Sibos is the world's largest event in the Transaction Banking sector. It connects more than 8,000 executives, decision makers, and thought-leaders from financial institutions, major corporations, and technology partners. BCG is hosting four sessions at this year's conference. The firm's senior leadership team in payments will attend the event, share insights, and lead deeper discussions with other attendees.
Monday, October 16, 12:30 p.m.–1:30 p.m., Conference Room 3
The transaction banking ecosystem is opening rapidly: fintech and software vendors are offering corporate clients account aggregation and a user experience that global banks have been struggling to provide. Simultaneously, the profitability of transaction banking is under pressure from persistently low rates, new competitors on the most profitable products, and surging investments in compliance and cybersecurity.
How can banks reinvent themselves to thrive in this new environment? BCG will share the best practices for capturing new pockets of growth and developing new value propositions on open banking—while also highlighting how robotics and AI can fundamentally revamp banking operations and customer service.
Monday, October 16, 3:30 p.m.–4:30 p.m., Conference Room 2
At regular intervals, the industry has called into question the long-term viability of the current model for correspondent banking. Although efforts such as the SWIFT global payments initiative improve the speed, transparency, and traceability of cross-border payments—and even though nonbanks offer alternative payment services—such processes still rely on the underlying settlement mechanism of nostro and vostro accounts held by correspondent banks. At the same time, the costs of compliance and know-your-customer (KYC) efforts are leading banks to revisit and rationalize their correspondent networks.
Following up on one of the most popular sessions from last year’s Sibos, this session will outline various visions for the future of the correspondent banking model.
Which alternative options exist? And is the desire from banks and end-customers for a new platform great enough to trigger such a fundamental change?
Speakers will include:
Tuesday, October 17, 2:00 p.m. –3:00 p.m., Conference Room 5
In the near future, banks will compete not with one another but with global tech behemoths. If they want to stay in the game in trade finance, therefore, banks need to work together to provide better customer-focused solutions. Although banks share a history of working together—on efforts such as the SWIFT global payment initiative—the level of information sharing and sophistication must improve drastically.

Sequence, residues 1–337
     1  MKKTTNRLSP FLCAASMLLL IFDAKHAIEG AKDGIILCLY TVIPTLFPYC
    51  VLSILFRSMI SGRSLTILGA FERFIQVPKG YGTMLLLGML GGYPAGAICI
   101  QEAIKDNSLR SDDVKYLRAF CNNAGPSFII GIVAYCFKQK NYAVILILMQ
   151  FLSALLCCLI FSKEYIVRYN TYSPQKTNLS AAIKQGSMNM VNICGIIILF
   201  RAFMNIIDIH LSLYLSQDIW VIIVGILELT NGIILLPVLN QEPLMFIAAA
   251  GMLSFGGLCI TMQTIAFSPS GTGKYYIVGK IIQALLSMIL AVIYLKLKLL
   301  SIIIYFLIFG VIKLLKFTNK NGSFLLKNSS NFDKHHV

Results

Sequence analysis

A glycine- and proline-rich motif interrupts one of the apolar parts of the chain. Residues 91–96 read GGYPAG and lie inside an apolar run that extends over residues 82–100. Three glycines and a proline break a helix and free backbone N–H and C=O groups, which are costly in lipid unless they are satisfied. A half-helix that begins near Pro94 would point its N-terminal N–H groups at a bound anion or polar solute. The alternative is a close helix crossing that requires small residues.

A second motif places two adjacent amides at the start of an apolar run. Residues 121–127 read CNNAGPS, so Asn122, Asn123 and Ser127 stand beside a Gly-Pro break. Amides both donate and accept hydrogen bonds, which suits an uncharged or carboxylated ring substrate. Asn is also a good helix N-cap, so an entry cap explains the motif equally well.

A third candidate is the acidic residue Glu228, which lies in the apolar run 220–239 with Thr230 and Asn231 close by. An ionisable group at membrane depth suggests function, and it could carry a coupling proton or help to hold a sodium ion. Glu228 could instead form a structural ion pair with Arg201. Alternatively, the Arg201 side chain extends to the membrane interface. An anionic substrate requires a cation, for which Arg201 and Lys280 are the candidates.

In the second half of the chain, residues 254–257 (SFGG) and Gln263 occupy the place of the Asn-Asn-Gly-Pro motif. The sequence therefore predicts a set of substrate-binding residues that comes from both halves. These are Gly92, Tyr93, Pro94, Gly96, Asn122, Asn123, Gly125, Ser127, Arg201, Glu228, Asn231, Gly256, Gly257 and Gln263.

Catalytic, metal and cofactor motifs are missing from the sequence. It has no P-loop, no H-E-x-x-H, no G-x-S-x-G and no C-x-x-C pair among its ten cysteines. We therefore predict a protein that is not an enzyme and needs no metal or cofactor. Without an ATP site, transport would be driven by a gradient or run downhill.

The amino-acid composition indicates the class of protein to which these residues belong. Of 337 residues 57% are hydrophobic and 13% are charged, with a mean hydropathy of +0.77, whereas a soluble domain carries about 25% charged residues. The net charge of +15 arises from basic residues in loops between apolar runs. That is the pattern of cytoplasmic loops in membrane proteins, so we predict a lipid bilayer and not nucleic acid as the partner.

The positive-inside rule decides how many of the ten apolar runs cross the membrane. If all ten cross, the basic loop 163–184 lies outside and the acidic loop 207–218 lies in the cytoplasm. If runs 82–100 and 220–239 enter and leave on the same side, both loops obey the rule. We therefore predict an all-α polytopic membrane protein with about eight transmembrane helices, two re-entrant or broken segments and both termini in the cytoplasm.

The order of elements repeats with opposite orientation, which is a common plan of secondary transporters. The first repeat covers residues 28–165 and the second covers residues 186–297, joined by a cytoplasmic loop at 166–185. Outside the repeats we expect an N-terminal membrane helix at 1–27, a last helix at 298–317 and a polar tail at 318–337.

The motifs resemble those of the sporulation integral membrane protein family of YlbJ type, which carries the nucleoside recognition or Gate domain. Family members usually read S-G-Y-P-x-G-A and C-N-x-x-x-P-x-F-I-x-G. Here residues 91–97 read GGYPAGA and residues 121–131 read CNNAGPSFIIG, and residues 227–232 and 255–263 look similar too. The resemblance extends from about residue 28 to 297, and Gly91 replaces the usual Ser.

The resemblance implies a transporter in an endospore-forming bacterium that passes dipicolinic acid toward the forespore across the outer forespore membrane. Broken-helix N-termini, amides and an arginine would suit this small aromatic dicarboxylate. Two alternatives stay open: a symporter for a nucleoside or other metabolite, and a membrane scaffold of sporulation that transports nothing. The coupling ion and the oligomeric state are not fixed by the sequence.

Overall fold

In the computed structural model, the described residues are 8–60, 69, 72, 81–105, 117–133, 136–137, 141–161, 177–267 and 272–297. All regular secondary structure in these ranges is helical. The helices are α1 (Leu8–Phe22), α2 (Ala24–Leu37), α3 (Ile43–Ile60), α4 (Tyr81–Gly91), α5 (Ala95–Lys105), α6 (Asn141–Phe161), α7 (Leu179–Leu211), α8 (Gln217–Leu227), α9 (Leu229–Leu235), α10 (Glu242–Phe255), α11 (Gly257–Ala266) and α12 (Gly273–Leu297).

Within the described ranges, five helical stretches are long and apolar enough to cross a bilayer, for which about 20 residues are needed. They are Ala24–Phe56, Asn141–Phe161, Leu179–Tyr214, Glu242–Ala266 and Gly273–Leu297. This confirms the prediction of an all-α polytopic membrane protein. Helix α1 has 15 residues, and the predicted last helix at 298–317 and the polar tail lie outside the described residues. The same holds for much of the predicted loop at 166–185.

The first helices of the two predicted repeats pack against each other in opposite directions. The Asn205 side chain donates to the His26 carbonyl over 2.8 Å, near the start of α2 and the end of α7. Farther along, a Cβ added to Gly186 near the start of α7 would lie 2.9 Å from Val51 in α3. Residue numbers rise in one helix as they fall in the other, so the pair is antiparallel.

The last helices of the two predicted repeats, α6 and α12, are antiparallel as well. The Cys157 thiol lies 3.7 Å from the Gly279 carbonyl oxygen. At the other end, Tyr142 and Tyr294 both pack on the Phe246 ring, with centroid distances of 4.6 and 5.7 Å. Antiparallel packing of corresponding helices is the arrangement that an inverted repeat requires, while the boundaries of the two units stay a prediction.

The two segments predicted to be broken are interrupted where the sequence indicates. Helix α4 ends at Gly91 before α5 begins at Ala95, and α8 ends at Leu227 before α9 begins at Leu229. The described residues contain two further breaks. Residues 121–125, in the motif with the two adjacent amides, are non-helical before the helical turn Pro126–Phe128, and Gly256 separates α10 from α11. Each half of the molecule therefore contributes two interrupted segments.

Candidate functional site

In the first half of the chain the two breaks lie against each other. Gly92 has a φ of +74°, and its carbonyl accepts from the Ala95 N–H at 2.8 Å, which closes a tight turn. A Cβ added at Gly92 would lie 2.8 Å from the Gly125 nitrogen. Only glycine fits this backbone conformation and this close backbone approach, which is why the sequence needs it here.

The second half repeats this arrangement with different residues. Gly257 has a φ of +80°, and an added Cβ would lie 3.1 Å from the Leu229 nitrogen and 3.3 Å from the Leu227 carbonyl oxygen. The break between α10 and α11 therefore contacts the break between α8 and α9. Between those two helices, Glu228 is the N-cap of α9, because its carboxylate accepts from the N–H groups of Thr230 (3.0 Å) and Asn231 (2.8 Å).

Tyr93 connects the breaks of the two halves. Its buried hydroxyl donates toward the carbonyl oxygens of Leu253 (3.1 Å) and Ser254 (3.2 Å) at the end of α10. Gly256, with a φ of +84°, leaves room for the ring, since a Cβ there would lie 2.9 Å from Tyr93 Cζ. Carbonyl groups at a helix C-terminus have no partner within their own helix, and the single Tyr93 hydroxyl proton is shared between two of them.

Banks need to determine which parts of the infrastructure can be shared and how they differentiate themselves from the tech companies. Distributed ledgers offer an opportunity to create this network, within the confines of a regulated market limited by strict data-sharing laws and a very low tolerance for error.
In this panel, industry experts will discuss the potential of “smart contracts” enabled by the ledgers to create value. They will also explore how banks can join forces to realize this goal.
Thursday, October 19, 9:30 a.m.–10:30 a.m., Conference Room 1
Trade finance has lagged other financial services in moving from paper to digital. The major reasons for the delay are the number of players and stages in the trade transaction flow and the challenge of standardizing processes and practices given the multiple industries and geographies involved.
Despite these challenges, a lot of progress has been made. Explore which technology advances have paved the way and the current level of bank readiness in trade finance. How much more is there more to do?
In this session, the panel will discuss the challenges, outline the drivers, and examine the short-term developments in this area.
Speakers will include:
Managing Director & Partner